Cross-tolerance occurs when repeated use of a drug in a given category confers tolerance not only to that drug but also to other drugs in the same structural and mechanistic category. Understanding cross-tolerance is important in the medical management of persons dependent on any drug. Detoxification is a form of treatment for drug dependence that involves giving gradually decreasing doses of the drug to prevent withdrawal symptoms, thereby weaning the patient from the drug of dependence (see below).

Physical Dependence

Physical dependence is a state that develops as a result of the adaptation (tolerance) produced by a resetting of homeostatic mechanisms in response to repeated drug use. Drugs can affect numerous systems that previously were in equilibrium; these systems find a new balance in the presence of inhibition or stimulation by a specific drug. A person in this adapted or physically dependent state requires continued administration of the drug to maintain normal function. If administration of the drug is stopped abruptly, there is another imbalance, and the affected systems again must go through a process of readjusting to a new equilibrium without the drug.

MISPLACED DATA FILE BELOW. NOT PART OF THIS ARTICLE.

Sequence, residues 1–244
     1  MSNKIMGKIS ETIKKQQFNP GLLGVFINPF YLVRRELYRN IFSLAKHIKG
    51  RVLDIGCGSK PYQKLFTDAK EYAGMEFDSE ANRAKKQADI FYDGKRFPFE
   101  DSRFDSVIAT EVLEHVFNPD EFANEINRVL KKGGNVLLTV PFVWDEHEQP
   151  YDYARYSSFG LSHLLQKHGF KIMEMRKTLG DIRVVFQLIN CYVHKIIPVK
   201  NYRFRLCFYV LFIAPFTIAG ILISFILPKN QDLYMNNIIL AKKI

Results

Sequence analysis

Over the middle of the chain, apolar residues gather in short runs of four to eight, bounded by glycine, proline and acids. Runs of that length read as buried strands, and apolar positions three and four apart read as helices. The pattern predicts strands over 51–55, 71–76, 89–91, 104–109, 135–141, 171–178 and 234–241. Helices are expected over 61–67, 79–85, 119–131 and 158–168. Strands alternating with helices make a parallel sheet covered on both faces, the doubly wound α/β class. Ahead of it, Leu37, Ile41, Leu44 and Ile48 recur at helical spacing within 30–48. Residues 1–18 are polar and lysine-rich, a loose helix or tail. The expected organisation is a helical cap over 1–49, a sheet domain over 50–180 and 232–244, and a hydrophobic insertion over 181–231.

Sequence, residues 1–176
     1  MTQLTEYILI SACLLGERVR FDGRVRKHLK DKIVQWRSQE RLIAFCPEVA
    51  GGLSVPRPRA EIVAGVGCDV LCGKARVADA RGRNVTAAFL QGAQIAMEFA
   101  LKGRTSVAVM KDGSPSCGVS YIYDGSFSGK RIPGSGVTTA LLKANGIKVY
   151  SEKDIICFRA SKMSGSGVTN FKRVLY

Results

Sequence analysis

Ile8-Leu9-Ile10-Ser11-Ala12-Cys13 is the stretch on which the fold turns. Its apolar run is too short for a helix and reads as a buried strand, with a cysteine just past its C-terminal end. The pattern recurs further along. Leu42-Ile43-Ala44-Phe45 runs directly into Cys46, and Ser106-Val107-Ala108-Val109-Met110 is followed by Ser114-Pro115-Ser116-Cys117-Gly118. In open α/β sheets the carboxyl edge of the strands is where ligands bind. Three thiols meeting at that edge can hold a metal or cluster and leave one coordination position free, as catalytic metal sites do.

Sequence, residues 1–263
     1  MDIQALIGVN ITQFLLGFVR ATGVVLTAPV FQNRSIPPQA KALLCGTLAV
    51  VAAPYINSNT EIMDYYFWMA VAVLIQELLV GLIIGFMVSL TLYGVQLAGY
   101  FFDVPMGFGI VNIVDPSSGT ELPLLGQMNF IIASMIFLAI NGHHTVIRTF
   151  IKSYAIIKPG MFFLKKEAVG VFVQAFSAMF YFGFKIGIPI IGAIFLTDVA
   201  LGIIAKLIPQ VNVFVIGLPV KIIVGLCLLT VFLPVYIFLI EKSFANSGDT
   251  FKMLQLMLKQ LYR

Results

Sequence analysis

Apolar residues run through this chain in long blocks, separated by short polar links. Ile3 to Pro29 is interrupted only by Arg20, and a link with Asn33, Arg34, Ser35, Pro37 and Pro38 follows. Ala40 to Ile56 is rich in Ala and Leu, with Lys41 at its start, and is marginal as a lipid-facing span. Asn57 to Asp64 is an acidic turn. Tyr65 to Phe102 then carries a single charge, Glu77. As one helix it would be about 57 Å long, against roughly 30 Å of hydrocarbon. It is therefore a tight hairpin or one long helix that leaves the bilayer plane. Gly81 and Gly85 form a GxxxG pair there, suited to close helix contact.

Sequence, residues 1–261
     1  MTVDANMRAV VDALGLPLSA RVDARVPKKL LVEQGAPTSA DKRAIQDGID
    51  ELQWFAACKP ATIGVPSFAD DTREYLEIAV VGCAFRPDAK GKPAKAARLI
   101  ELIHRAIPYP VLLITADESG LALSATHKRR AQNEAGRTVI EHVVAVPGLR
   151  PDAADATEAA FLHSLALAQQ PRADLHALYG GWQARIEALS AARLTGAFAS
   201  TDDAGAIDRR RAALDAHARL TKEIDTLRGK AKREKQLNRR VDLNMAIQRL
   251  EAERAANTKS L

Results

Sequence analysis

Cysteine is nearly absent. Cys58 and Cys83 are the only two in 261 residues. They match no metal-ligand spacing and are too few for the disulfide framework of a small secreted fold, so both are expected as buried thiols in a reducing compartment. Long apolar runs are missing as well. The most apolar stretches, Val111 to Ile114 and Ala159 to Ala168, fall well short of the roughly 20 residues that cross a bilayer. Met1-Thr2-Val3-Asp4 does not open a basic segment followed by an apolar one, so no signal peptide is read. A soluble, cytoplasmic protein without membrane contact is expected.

WITHDRAWAL SYNDROME The appearance of a withdrawal syndrome when administration of the drug is terminated is the only actual evidence of physical dependence. Withdrawal signs and symptoms occur when drug administration in a physically dependent person is terminated abruptly. Withdrawal symptoms have at least two origins: (1) removal of the drug of dependence and (2) CNS hyperarousal owing to readaptation to the absence of the drug of dependence. Pharmacokinetic variables are of considerable importance in the amplitude and duration of the withdrawal syndrome. Withdrawal symptoms are characteristic for a given category of drugs and tend to be opposite to the original effects produced by the drug before tolerance developed. Tolerance, physical dependence, and withdrawal are all biological phenomena. They are the natural consequences of drug use and can be produced in experimental animals and in any human being who takes certain medications repeatedly. These symptoms in themselves do not imply that the individual is involved in abuse or addiction. Patients who take medicine for appropriate medical indications and in correct dosages still may show tolerance, physical dependence, and withdrawal symptoms if the drug is stopped abruptly rather than gradually.